What’s been happening?

Pound Sterling – UK Markets 

The British pound suffered heavy losses against the dollar and fell to its lowest level in more than two years on Monday while dropping to its weakest level since early January vs the euro as no-deal Brexit fears continued to weigh on the currency.

Following Cabinet Office Minister comments on Sunday about no-deal being a very real prospect, British Foreign Secretary Dominic Raab said that they are ‘turbo-charging’ no-deal Brexit preparations and announced that there will be a government committee monitoring the developments daily. Regarding the possibility of Parliament attempting to block a no-deal Brexit, Conservative lawmaker Letwin argued that parliament may not be able to stop it and said that they may have to accept the fact that they may end up crashing out of the EU.

Additionally, speaking to reporters on Monday, British Prime Minister Boris Johnson’s spokeswoman said that they were hoping the EU to change their mind about reopening the Withdrawal Agreement. “While there is no change on the Withdrawal Agreement we must assume there will be a no-deal, the government’s central focus is preparing for that," she stated. Although PM Johnson adopted a softer tone later in the day, he failed to help the sterling recover its losses. "There is a big incentive to get this thing done," Johnson said. "There is every chance we can get a deal. With common sense, we will get a deal," he added while repeating that they need a new free trade deal with the EU.  

US Dollar – US Markets

Ahead of the FOMC announcements on Wednesday, the US Dollar Index preserved its bullish momentum and built on Friday’s gains that it recorded on the back of the GDP data, which showed that the economic activity expanded by 2.1% on a yearly basis in the second quarter to beat analysts’ estimate of 1.8%. 

The only data from the US on Monday showed that the manufacturing sector in Texas recovered in July with the Dallas Fed Manufacturing Index improving to -6.3 from -12.1 in June. In the meantime, US President Donald Trump, once again, attacked the Fed in a series of tweets. “The Fed “raised” way too early and way too much. Their quantitative tightening was another big mistake,” Trump said. "We are competing with other countries that know how to play the game against the US. That’s actually why the EU was formed. And for China, until now, the US has been “easy pickings.” The Fed has made all of the wrong moves. A small rate cut is not enough, but we will win anyway!"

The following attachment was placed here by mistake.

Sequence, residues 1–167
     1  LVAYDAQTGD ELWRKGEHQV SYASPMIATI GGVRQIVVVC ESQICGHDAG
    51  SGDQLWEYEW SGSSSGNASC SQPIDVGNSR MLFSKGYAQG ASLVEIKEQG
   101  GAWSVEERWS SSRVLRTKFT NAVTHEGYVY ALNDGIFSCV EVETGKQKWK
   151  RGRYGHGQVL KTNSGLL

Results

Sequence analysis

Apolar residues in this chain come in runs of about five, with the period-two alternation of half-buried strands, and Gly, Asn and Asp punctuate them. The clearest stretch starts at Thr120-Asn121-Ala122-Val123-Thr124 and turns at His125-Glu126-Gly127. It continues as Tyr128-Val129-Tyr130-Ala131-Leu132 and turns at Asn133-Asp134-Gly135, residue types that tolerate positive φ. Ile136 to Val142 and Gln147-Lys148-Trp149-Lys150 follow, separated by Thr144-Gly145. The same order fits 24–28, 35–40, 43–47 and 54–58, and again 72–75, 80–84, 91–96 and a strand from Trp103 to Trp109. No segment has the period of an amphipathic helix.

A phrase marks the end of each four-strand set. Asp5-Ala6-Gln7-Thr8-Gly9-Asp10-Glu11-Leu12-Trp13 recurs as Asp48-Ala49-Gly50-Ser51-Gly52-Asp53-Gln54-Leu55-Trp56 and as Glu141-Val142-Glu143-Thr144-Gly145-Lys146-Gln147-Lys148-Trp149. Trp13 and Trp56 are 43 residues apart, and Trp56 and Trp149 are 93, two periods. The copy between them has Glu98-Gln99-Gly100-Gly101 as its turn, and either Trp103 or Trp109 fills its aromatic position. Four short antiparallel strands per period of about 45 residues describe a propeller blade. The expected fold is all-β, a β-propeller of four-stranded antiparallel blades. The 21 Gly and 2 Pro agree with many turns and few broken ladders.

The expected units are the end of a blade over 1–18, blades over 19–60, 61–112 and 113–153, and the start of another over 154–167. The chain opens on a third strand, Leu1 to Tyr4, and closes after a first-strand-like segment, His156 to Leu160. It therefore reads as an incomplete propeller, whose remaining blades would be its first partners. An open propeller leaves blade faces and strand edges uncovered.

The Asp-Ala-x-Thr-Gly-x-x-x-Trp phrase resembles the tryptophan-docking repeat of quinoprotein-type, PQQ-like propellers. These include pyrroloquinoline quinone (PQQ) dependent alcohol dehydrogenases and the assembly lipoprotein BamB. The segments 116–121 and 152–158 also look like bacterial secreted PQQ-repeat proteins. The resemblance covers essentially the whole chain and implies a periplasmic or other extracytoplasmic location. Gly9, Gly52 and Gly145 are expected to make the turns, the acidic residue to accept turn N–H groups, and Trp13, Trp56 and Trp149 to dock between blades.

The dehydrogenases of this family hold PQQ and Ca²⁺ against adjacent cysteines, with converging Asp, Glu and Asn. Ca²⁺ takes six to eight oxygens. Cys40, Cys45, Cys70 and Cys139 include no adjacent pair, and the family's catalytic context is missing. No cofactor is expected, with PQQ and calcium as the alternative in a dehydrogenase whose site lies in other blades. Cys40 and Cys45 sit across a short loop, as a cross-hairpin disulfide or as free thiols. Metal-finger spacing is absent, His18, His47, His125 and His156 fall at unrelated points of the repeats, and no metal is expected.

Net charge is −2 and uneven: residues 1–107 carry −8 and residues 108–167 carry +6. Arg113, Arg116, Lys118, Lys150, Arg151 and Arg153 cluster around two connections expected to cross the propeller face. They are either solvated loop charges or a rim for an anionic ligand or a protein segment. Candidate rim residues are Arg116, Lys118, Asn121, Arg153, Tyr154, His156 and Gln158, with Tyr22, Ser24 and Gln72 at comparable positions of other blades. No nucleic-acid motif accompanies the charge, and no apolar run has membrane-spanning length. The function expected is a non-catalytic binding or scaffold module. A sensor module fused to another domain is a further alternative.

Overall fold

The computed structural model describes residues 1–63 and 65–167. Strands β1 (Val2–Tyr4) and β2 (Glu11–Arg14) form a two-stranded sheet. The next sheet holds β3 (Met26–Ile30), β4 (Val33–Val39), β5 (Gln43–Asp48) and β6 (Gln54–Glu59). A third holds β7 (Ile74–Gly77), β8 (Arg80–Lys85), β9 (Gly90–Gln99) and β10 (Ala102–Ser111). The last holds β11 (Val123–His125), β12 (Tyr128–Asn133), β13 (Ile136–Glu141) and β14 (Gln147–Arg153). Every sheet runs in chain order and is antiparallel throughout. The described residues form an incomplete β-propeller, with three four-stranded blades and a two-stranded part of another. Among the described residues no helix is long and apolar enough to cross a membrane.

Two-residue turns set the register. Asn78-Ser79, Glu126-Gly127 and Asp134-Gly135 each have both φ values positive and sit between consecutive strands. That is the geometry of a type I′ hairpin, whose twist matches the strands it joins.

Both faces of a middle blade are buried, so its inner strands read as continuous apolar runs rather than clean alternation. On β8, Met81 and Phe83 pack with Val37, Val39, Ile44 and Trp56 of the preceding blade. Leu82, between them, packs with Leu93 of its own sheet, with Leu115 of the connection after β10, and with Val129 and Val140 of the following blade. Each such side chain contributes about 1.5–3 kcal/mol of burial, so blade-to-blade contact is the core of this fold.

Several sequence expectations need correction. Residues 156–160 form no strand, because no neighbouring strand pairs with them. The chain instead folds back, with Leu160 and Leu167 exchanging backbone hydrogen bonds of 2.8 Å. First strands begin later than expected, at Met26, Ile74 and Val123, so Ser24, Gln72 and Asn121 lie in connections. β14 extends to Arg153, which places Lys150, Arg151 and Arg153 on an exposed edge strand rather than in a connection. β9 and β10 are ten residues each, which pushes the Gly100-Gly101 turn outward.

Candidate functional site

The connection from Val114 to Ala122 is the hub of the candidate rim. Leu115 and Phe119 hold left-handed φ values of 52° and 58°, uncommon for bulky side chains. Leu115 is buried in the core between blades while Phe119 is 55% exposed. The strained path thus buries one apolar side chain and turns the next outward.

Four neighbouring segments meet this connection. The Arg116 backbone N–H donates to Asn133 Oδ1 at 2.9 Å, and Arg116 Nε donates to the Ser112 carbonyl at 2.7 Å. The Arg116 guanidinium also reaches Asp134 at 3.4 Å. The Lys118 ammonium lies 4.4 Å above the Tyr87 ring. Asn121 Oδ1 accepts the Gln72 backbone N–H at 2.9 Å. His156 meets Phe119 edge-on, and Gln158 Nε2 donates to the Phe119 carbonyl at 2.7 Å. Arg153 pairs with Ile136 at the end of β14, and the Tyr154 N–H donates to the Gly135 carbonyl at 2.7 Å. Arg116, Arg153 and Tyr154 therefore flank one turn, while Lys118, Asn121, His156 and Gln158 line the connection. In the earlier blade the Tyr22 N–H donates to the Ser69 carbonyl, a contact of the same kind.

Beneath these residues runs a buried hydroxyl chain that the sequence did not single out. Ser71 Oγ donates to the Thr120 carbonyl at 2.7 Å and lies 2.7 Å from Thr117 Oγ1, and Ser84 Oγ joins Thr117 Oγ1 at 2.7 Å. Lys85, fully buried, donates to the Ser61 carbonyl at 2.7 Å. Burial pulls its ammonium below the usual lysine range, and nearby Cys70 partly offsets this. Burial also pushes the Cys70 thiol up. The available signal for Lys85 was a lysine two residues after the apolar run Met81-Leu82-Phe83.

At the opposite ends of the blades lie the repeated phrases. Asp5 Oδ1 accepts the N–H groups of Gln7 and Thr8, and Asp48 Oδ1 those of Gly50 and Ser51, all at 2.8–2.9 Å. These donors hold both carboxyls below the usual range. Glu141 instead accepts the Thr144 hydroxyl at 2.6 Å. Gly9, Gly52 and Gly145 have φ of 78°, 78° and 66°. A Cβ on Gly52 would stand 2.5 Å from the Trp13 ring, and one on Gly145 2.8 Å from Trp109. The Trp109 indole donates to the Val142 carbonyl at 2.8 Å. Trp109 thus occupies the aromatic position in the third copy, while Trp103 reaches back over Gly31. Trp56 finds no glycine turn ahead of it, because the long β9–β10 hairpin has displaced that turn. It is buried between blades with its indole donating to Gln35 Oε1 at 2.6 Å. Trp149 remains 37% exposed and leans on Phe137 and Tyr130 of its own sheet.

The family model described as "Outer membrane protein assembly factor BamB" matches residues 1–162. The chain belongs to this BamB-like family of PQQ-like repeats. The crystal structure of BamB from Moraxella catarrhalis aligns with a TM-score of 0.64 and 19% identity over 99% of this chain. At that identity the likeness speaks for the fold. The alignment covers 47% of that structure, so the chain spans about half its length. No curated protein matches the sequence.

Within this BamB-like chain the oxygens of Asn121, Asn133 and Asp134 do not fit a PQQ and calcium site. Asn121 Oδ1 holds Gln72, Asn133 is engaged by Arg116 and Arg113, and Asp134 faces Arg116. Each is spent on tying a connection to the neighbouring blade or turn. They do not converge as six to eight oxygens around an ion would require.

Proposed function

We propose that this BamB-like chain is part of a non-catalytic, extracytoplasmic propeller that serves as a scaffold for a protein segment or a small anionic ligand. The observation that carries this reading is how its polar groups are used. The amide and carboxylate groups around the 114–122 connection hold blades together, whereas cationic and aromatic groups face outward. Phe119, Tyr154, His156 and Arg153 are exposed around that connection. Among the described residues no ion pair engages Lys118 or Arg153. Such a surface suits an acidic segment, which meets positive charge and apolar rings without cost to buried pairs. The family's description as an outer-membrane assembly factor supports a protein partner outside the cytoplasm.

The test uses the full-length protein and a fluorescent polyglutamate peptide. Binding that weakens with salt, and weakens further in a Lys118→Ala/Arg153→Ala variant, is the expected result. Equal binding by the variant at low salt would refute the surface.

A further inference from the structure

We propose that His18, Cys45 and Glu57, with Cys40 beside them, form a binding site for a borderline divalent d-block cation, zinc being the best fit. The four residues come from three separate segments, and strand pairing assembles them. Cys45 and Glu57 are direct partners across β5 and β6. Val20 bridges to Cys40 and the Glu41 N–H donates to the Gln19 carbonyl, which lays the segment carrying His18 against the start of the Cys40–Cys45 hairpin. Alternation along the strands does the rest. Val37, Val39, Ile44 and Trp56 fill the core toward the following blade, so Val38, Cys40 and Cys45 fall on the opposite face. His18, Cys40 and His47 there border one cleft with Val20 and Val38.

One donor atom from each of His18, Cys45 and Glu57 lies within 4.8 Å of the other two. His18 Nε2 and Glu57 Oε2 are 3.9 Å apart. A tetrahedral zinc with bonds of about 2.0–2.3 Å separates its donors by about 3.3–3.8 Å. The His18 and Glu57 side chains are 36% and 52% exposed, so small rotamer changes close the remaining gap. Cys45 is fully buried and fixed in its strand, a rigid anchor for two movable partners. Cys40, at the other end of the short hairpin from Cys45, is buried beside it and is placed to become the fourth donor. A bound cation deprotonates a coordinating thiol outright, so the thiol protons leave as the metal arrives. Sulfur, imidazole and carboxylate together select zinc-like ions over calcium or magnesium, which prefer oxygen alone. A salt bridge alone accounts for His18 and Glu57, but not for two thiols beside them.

Euro – European Markets

The shared currency found demand on Monday with investors moving away from the pound sterling and finished the day higher against the dollar as well. The data from Italy showed that the Producer Price Index declined 0.3% on a monthly basis in June but didn’t have a negative impact on the euro’s market valuation. Other data revealed that retail sales in Spain rose 2.4% on a yearly basis in June to bear the analysts’ estimate of 1.7%.  

What’s coming up? 

UK: There won’t be any macroeconomic data releases from the UK on Tuesday and investors will remain focused on the political headlines.

US: The US economic docket will feature the Bureau of Economic Analysis Personal Consumption Expenditure Price Index data, the Federal Reserve’s preferred gauge of inflation. The Conference Board’s Consumer Confidence Index and Pending Home Sales will be published on Tuesday as well. 

EU: The European Commission will release its latest Business and Consumer Survey, which will include the Consumer Confidence, Business Climate, Services Sentiment, Economic Sentiment Indicator and Industrial Confidence figures. Furthermore, Germany’s Destatit will publish the preliminary inflation data for July.